Jackson: In fishing, size doesn't always matter

 
 
Updated 2/8/2017 4:50 PM
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Some of us will spend years trying to understand what part fishing plays in our lives.

I am as guilty as the next angler when it comes to catching big fish and bragging about the experience.

I used to be very concerned with my fishing investment portfolio -- that is, my conglomeration of investments and pursuits in the never-ending quest for big fish.

Among them was traveling to Manitoba to chase jumbo northern pike, and then off to the outer fringes of mankind in the Arctic to find and catch monster lake trout and arctic char.

At the risk of getting off topic, I tell countless friends who head north with me that sub-Arctic and actual Arctic lakes and rivers hold ravenous lakers both in size and appetite. And it's their appetite that turn these great-tasting fish into living torpedoes, with big fins and enough muscle to destroy not only its prey but our fishing gear as well.

In recent years, however, I've changed my perspective on the search to catch big fish.

Several years ago I duked it out with a tarpon that went right to the 200-pound mark. That battle lasted close to an hour, and when it was over I was completely spent and dehydrated. I subsequently drank a half gallon of water and juice just to recover.

Was I on top of the world from that experience? You bet -- but I've also discovered there's a lot more excitement fishing the freshwater canals around Palm Beach and Broward counties in southeast Florida.

I've lost track of the number of times I was able to catch a lot of smaller tarpon in the 10- to 15-pound range. These "baby" tarps supplied me with hours of excitement and unreal smiles as well as arms and muscles worn out from casting my 8-weight fly rod.

One morning I was chatting with a young guy who had been watching me pound the water and catch small tarpon in one of those canals. He also brought a fly rod with him but he was focused on catching lots of bluegills and other panfish. He was about 30 feet away from my bank spot. He slowly inched his way over and we began a memorable conversation.

"You like those baby tarpon, I noticed," he said.

I confirmed, but also countered that I was simply interested in having lots of fun.

"That's why I chase chunky bluegills with my fly rod," he said.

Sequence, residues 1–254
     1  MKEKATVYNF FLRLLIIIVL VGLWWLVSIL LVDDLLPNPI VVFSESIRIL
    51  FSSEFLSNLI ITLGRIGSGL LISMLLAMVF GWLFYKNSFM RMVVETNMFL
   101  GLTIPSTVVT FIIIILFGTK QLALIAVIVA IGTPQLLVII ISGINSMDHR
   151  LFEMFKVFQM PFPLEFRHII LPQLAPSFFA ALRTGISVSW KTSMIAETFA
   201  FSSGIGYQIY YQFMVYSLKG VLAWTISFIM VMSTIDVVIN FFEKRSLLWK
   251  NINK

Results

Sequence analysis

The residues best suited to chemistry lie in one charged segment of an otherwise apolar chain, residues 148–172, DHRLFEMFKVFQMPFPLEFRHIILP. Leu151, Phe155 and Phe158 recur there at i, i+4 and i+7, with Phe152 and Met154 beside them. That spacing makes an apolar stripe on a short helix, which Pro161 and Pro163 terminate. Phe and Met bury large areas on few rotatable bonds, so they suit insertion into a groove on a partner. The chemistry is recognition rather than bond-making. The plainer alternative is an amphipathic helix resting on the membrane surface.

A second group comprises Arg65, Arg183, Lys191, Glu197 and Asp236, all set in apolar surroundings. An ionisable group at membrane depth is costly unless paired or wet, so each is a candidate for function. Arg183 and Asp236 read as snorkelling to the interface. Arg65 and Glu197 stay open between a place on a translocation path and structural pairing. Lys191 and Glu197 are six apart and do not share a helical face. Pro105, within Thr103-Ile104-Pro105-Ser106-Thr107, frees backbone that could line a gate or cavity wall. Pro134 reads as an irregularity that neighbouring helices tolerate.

And then we went back on getting our flies to a target area across this one particular narrow canal.

Closer to home, it's the same pattern. Some local fishermen would rather catch a super-jumbo walleye instead of enjoying the experience of catching a mess of just-legal fish as the reward of using one's skill and determination.

In that same vein, I called a friend and suggested we scope out Skokie Lagoon and determine whether the poachers had emptied that spot of fun and relaxation. And so we split up and worked two different areas.

At one time, Skokie Lagoon was a fantastic bluegill and bass hot spot before the no-license, poaching animals made it the go-to place for easy meals. My calls to the authorities fell on deaf ears as the excuses flowed.

"We don't have enough officers to show up there," one official told me.

Because I was so disgusted with the excuses and the poaching, I wrote several columns about Cook County's efforts to clean up the suburban reservoir. But family fun and fishing has diminished because the poachers have beaten up the shorelines and left enough trash to make another Mount Trashmore (Evanston).

My friend and I caught some panfish there, however, and exclaimed afterword that we still had fun because we ultimately found schools of small fish (size didn't matter) that kept us casting our fly rods and trying out our homemade fly creations.

• Contact Mike Jackson at angler88@comcast.net, catch his radio show 7-9 a.m. Sundays on WGCO 1590-AM (live-streamed at www.1590WCGO.com) and get more content at www.mikejacksonoutdoors.com.

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